Ekco products must have been in many homes across the country at the time of the Festival and must have appeared to be a very strong company and brand.
Ekco merged with Pye, another British electronics manufacturer in 1960 and the combined company was taken over by Philips in 1967 with the Ekco brand disappearing.
Cossor was another British electronics company that would disappear in a couple of decades. The company started trading in 1859 as a manufacturer of scientific glassware and this expertise helped the company move into the production of electronic valves and cathode ray tubes. This led into leading technologies such as radar both during the 2nd World War where Cossor was one the companies that helped develop the Chain Home radar system along the coast and following the war into radar for air traffic control.
Cossor was purchased by the US manufacturer Raytheon in 1961, just ten years after the Festival of Britain and is another example of the loss of British industrial capability over the last 60 years.
Sperry was a manufacturer of navigation equipment and gyrocompasses. Now owned by the American business Northrop Grumman Corporation.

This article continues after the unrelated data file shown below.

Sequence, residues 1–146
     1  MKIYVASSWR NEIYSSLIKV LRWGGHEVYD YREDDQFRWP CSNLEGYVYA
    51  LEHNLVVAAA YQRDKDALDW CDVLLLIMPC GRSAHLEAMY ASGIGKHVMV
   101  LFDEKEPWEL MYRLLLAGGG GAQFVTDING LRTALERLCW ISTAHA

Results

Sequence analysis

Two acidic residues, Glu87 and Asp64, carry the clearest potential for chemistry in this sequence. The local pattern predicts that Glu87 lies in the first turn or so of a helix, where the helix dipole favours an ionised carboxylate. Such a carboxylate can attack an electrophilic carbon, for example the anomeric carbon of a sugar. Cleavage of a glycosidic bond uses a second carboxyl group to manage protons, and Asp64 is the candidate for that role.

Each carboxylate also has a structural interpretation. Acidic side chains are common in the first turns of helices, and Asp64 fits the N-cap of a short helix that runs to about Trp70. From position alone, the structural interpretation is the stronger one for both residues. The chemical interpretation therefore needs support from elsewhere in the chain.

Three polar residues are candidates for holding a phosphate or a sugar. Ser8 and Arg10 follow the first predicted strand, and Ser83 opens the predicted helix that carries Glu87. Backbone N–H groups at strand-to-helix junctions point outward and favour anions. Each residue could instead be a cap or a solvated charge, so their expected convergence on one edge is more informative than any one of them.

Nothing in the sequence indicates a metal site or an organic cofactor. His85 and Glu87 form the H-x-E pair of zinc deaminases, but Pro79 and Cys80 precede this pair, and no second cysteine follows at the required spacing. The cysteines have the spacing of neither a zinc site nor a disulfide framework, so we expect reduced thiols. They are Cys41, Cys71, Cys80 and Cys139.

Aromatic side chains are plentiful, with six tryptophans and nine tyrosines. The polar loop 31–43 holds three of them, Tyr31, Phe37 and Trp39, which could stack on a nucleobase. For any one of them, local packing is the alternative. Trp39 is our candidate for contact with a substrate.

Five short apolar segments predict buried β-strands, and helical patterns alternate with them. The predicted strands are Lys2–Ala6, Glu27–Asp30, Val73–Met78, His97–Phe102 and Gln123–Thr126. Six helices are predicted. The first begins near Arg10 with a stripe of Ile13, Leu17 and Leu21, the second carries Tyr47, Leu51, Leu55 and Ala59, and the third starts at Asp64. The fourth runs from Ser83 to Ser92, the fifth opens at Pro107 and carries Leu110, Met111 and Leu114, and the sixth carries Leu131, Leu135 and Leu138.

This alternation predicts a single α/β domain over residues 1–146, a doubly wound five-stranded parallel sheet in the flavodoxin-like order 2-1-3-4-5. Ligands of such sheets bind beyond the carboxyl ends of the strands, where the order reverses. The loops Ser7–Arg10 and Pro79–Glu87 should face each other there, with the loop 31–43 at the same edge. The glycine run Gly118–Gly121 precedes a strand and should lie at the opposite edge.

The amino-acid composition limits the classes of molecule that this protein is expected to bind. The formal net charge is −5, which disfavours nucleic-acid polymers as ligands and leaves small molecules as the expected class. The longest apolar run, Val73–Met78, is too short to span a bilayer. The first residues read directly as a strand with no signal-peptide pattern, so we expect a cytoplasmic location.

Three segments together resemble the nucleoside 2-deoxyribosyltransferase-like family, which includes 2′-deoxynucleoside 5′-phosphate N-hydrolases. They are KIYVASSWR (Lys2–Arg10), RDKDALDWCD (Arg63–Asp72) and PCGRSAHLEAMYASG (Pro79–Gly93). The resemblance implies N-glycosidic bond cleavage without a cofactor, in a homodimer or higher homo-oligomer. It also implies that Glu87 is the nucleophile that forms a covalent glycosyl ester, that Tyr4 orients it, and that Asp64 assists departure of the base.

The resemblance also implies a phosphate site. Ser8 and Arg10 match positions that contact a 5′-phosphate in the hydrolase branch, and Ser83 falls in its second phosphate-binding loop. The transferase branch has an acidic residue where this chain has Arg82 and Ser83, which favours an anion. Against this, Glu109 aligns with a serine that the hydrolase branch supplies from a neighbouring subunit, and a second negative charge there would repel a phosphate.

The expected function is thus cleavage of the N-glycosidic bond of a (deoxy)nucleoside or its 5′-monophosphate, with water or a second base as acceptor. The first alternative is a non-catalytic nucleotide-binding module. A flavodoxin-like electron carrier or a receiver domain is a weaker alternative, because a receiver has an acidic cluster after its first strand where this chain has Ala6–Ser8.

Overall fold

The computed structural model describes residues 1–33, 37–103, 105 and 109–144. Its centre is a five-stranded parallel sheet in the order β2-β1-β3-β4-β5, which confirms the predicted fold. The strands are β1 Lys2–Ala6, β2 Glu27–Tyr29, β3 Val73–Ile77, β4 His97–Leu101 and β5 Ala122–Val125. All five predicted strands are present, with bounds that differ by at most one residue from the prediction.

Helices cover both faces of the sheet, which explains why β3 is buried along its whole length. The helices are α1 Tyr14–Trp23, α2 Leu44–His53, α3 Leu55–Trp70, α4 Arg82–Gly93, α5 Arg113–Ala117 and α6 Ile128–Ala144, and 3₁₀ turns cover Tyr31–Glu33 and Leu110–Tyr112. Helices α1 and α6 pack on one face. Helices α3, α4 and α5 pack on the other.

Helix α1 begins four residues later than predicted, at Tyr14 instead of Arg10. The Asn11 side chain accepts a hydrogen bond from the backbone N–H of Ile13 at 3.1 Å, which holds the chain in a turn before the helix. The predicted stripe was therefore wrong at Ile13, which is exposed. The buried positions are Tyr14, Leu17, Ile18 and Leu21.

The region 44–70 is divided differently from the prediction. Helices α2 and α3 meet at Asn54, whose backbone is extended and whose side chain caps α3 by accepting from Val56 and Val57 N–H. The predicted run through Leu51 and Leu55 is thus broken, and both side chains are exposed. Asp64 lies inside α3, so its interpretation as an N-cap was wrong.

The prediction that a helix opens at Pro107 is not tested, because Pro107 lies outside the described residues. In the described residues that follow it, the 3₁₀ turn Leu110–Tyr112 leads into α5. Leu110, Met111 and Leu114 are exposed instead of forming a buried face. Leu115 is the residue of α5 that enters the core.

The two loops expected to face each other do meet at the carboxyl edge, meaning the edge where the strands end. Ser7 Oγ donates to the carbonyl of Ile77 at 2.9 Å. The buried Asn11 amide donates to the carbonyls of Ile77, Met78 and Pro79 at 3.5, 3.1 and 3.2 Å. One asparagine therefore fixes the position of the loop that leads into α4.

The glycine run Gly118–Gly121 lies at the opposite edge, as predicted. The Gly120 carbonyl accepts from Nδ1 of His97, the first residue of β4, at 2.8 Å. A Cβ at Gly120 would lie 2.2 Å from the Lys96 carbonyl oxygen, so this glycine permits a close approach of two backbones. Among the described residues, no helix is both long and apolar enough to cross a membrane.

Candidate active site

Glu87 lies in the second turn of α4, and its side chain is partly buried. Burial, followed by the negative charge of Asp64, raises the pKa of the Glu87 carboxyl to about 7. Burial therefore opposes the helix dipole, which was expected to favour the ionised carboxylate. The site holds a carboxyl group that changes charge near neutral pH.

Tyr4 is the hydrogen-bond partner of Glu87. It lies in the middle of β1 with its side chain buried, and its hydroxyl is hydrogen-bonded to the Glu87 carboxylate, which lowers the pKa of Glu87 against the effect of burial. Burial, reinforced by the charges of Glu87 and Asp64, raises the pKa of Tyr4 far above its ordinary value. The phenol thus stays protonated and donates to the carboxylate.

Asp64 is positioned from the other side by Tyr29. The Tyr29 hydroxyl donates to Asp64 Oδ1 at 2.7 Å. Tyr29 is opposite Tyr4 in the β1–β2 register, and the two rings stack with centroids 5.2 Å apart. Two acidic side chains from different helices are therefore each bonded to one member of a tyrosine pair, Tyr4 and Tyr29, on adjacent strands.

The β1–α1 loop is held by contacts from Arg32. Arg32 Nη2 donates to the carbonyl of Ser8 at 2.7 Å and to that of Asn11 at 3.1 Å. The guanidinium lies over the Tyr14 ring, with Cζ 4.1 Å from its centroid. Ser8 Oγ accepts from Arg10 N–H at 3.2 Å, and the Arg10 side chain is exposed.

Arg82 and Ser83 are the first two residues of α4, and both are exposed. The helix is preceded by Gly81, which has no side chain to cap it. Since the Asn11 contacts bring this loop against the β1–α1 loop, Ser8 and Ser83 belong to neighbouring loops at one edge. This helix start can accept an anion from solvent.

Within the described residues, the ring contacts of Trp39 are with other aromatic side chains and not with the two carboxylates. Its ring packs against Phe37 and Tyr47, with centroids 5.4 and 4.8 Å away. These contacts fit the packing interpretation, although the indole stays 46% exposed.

Siemens Brothers and Company Limited was the 1951 incarnation of the original Siemens company formed in 1843 by Wilhelm Siemens of Germany. The shares of the British business were confiscated at the start of the 1st World War and finally became part of Associated Electrical Industries in 1955 which then merged with GEC in 1967 which as stated above with English Electric failed in the early 2000s.
The original German part of Siemens is now a major global manufacturer and well established in the UK, manufacturing in Germany many of the trains that now service London
One brand that is still very much in business today is Cow and Gate. originally a grocery shop in Guildford owned by the Gates family in 1771, the business expanded into dairy products which led to powered milk and then to milk food for babies.
Smiler, the Cow and Gate “royal baby” was introduced to the branding in 1930.
Although still in business, Cow and Gate is now owned by the French multinational Groupe Danone.
The Festival of Britain and the South Bank Exhibition that formed the core of the Festival was intended to show a strong, confident country, full of innovative industrial and manufacturing companies that could be expected to bring a prosperous future after the long years of war and the austerity that followed. The following decades would bring significant change to, and the demise of many of these companies.
I have shown just under half of the adverts featured in the 1951 Guide to the Festival, the rest have the same standards of artwork and it is interesting that there is only one financial business (Lloyds Bank) featured. Again perhaps how the country (or at least the organisers of the festival) wanted to portray what was important to the country and to the future from the perspective of 1951.